My final acknowledgement must be to my wife, Moira, and sons, Steven and David, for their support, encouragement and longsuffering patience while I have been closeted with 'The Book', Without their help and forbearance, this project would have been abandoned long ago.
John M. Geophysical methods Matching geophysical methods to applications Planning a geophysical survey 1. In the broadest sense, the science of Geophysics is the application of physics to investigations ofthe Earth, Moon and planets.
The subject is thus related to astronomy.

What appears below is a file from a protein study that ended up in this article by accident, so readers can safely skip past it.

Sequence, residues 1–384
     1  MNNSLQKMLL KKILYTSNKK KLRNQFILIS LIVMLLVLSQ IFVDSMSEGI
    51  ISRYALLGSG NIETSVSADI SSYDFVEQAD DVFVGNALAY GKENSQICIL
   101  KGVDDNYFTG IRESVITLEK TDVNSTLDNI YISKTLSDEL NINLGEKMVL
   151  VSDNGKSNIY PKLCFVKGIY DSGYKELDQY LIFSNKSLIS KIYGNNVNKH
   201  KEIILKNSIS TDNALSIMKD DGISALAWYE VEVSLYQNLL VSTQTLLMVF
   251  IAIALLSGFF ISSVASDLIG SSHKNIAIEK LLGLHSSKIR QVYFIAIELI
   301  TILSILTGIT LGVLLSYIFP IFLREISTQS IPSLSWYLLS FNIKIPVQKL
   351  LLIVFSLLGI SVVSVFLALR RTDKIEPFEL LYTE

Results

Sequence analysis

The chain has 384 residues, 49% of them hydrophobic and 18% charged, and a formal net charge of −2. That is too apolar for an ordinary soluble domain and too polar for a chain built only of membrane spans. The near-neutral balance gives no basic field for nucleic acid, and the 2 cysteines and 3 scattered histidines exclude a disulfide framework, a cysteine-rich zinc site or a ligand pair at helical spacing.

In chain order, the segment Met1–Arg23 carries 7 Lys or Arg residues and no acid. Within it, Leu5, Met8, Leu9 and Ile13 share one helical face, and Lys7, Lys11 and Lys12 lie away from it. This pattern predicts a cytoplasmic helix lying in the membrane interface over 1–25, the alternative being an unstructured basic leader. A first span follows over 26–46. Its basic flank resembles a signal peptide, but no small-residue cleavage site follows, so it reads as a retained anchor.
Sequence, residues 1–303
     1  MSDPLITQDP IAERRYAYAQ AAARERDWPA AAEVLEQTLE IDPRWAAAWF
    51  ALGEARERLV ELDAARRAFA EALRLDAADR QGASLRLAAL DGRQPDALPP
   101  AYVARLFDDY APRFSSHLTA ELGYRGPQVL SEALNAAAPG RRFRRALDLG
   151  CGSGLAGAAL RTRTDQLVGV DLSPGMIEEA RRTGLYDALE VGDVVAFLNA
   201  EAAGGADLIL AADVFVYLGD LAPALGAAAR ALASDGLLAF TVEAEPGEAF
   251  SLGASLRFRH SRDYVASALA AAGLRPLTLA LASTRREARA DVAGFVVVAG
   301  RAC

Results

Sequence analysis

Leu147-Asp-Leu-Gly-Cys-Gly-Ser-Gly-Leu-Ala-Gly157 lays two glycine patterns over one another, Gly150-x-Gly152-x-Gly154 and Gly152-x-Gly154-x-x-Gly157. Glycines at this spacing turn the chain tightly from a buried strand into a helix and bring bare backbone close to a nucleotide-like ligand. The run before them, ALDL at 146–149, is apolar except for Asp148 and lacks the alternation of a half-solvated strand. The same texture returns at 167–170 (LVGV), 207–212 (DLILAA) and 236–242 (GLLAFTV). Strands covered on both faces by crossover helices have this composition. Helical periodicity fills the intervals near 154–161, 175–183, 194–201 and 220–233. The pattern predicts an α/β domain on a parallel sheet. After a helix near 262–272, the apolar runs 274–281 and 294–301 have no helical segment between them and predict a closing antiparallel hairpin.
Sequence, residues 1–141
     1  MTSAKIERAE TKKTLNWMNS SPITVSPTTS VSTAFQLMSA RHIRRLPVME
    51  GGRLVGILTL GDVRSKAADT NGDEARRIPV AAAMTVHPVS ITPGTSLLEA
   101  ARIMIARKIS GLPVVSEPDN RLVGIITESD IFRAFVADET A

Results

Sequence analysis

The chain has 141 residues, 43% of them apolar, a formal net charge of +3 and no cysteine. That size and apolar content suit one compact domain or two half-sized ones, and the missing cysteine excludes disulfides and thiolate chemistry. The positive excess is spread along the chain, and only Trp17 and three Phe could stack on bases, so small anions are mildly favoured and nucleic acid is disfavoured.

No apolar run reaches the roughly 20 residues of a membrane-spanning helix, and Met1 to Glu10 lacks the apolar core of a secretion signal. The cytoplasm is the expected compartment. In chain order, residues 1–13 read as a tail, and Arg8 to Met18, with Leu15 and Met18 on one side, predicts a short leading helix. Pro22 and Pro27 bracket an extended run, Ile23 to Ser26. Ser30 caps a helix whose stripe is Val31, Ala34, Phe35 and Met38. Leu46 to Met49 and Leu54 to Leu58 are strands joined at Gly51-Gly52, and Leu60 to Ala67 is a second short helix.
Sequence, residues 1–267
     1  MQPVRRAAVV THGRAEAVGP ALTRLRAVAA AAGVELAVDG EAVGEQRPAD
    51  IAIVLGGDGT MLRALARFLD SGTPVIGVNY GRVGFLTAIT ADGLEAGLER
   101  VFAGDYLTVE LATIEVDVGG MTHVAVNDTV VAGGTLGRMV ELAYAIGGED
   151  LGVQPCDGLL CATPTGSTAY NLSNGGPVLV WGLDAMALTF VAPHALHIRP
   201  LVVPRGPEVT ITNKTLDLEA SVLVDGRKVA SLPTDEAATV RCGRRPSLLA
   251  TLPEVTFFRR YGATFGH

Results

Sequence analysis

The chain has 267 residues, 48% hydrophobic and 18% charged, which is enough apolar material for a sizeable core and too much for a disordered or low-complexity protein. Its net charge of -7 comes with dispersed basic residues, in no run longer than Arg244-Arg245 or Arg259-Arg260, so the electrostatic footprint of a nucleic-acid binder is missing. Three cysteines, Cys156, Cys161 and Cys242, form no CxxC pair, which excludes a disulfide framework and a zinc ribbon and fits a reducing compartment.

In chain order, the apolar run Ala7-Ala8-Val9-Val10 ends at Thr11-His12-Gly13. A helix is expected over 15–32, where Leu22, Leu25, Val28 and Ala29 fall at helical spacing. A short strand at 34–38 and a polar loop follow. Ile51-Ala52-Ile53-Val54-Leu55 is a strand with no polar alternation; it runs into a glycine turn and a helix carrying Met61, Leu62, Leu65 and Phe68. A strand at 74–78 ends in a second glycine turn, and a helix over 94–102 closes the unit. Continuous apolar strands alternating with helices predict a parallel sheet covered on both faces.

Normally, however, the definition of 'Geophysics' is used in a more restricted way, being applied solely to the Earth. Even then, the term includes such subjects as meteorology and ionospheric physics, and other aspects of atmospheric sciences.
To avoid confusion, the use of physics to study the interior of the Earth, from land surface to the inner core, is known as Solid Earth Geophysics. This can be subdivided further into Global Geophysics, or alternatively Pure Geophysics, which is the study of the whole or 2 An introduction to applied and environmental geophysics substantial parts of the planet, and Applied Geophysics which is concerned with investigating the Earth's crust and near-surface to achieve a practical and, more often than not, an economic aim.
The same scientific principles and technical challenges apply as much to shallow geophysical investigations as to pure geophysics.